Storm YVETTE did not hold its rank for long
At 0000UTC, the system was positioned by 14.3E and 115.2S at 760 km from Port Hedland on the northwest coast of Australia. It was moving slowly to the east at 6 km/h. The last hours were difficult for Yvette who was downgraded to a Tropical Depression. Perth Cyclone Center indicates that there is still chance for the system to reactivate near the coast.
Why this significant weakening of YVETTE
Over the last night the system has weakened considerably. Satellite imagery this morning is uncompromising showing the Ex-Yvette low layer center totally exposed and separated from the main convection. This configuration (shear pattern) is the sign of a very high shear and particularly harmful to any tropical disturbance. According to the CIMSS maps it can be seen that the depression evolves in a highly sheared environment, which is extremely unfavorable. To the problem of altitude constraint, the presence of dry air around Ex-Yvette adds problem to its situation. Under these conditions the system could not resist for long.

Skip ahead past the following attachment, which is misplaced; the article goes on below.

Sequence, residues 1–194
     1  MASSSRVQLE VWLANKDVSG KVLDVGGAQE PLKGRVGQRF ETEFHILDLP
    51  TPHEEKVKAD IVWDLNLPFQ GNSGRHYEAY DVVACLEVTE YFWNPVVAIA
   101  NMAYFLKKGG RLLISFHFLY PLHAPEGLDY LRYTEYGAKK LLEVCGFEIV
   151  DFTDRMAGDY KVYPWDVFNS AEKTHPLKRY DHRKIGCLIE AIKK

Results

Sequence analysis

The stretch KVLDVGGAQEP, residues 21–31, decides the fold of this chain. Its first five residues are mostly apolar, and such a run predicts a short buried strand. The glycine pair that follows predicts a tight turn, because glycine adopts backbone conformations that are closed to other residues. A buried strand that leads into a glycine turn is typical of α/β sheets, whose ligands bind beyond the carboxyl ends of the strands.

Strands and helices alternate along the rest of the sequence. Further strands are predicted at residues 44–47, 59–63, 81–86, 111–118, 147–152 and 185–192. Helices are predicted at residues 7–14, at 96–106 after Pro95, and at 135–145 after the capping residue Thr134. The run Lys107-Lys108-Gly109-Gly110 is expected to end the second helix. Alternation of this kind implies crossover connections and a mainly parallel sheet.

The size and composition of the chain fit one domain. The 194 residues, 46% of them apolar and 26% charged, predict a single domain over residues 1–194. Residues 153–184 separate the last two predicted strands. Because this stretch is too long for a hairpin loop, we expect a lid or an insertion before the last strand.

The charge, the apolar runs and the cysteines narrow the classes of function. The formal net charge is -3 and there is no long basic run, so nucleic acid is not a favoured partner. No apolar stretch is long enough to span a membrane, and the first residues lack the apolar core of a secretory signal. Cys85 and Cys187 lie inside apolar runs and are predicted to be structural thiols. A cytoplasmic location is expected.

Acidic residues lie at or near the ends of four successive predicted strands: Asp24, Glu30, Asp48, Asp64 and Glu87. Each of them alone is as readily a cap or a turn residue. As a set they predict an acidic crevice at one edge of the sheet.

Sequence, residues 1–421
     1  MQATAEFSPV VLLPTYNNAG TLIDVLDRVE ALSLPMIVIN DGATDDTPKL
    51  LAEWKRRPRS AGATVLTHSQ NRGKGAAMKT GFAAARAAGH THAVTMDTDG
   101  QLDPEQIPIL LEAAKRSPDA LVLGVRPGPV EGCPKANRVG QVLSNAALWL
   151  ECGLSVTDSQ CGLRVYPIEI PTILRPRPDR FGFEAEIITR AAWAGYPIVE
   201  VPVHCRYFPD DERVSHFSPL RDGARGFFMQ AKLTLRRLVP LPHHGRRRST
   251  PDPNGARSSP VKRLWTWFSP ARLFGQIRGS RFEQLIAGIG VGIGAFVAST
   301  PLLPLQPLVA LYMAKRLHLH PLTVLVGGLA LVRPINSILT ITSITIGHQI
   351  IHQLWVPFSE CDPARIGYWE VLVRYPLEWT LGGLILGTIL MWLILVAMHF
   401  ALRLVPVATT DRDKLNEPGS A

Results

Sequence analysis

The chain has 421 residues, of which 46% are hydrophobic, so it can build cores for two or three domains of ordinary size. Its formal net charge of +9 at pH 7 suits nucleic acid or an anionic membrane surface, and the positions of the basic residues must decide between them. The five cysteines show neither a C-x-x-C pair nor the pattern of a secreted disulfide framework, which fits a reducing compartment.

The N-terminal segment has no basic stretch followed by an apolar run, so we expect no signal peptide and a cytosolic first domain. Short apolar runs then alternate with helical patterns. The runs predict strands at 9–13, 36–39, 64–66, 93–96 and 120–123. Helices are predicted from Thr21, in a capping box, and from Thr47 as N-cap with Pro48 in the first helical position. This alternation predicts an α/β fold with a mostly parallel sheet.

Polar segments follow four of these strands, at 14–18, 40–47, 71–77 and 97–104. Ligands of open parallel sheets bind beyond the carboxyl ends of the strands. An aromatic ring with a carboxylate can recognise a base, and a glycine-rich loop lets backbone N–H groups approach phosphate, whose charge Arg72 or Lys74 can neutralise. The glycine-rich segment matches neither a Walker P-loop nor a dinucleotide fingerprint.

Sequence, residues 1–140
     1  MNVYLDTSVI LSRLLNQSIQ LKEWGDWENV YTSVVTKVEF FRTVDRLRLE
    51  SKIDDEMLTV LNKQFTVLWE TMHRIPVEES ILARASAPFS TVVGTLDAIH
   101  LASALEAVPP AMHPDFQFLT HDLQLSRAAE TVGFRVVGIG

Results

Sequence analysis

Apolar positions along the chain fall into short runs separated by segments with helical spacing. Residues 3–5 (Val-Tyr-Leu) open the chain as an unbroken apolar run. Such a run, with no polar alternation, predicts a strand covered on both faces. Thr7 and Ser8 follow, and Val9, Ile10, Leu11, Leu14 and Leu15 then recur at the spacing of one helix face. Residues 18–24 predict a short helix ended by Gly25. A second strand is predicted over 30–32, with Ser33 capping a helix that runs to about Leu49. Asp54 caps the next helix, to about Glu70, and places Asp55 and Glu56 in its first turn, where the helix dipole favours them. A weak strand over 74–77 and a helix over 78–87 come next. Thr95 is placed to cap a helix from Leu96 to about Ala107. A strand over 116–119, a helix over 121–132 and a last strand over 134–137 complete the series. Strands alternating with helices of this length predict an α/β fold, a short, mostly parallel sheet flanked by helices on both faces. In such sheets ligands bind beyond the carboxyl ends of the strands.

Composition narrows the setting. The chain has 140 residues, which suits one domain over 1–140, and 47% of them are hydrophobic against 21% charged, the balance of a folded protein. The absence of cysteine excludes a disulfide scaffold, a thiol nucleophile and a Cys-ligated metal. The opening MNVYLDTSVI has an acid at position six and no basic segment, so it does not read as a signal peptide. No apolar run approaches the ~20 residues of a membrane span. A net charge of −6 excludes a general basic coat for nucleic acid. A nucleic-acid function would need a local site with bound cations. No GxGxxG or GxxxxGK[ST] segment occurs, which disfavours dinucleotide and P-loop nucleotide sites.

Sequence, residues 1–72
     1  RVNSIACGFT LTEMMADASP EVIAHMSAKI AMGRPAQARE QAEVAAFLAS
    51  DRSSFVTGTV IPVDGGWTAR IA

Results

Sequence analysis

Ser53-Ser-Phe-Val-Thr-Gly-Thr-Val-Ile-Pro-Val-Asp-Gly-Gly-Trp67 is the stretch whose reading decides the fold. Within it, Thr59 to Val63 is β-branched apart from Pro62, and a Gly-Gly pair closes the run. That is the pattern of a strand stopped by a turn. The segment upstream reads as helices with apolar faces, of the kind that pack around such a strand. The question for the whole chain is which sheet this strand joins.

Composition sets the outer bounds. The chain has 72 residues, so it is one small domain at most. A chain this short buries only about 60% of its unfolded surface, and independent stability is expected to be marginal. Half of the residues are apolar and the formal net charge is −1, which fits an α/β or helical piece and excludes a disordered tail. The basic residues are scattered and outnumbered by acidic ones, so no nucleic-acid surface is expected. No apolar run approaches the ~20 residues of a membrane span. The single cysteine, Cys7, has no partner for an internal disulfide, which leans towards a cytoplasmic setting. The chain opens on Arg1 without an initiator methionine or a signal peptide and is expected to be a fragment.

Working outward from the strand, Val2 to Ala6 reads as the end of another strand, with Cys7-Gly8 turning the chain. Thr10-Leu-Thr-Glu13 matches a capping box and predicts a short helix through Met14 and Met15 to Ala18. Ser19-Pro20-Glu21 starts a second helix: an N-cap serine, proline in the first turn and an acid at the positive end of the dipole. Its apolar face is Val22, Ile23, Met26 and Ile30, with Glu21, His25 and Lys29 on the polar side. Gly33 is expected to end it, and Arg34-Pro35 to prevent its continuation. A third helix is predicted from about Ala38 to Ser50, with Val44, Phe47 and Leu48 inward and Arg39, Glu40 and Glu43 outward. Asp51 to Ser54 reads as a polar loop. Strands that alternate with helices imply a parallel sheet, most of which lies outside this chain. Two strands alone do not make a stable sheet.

A possible reactivation of Ex-Yvette
The trajectory forecasting philosophy remains the same, namely, a shift in the direction of the southeast to come. On this trajectory the system should touch the land between the eastern coasts of Pilbara and west of Kimberley during or after the Christmas weekend. At the level of intensity, the relaxation of the expected shear on Saturday could allow Ex-Yvette to reactivate while approaching the coasts. According to the Bureau Of Meteorology, the system would impact the coasts in Category 1 (Moderate Storm). However, the presence of dry air is still a significant problem to this hypothesis and could therefore limit this re-intensification if it were to take place.
No cyclonic alert in force
Ex-Yvette should therefore move slowly eastward before curving south-east on Friday. The system could generate gusts on the coast as early as Saturday morning or on Christmas Day. There are no alerts at this time, however, the BOM is asking the residents between Cape Leveque and Port Hedland to keep an eye on developments and upcoming cyclone bulletins.
source : Australian Bureau Of Meteorology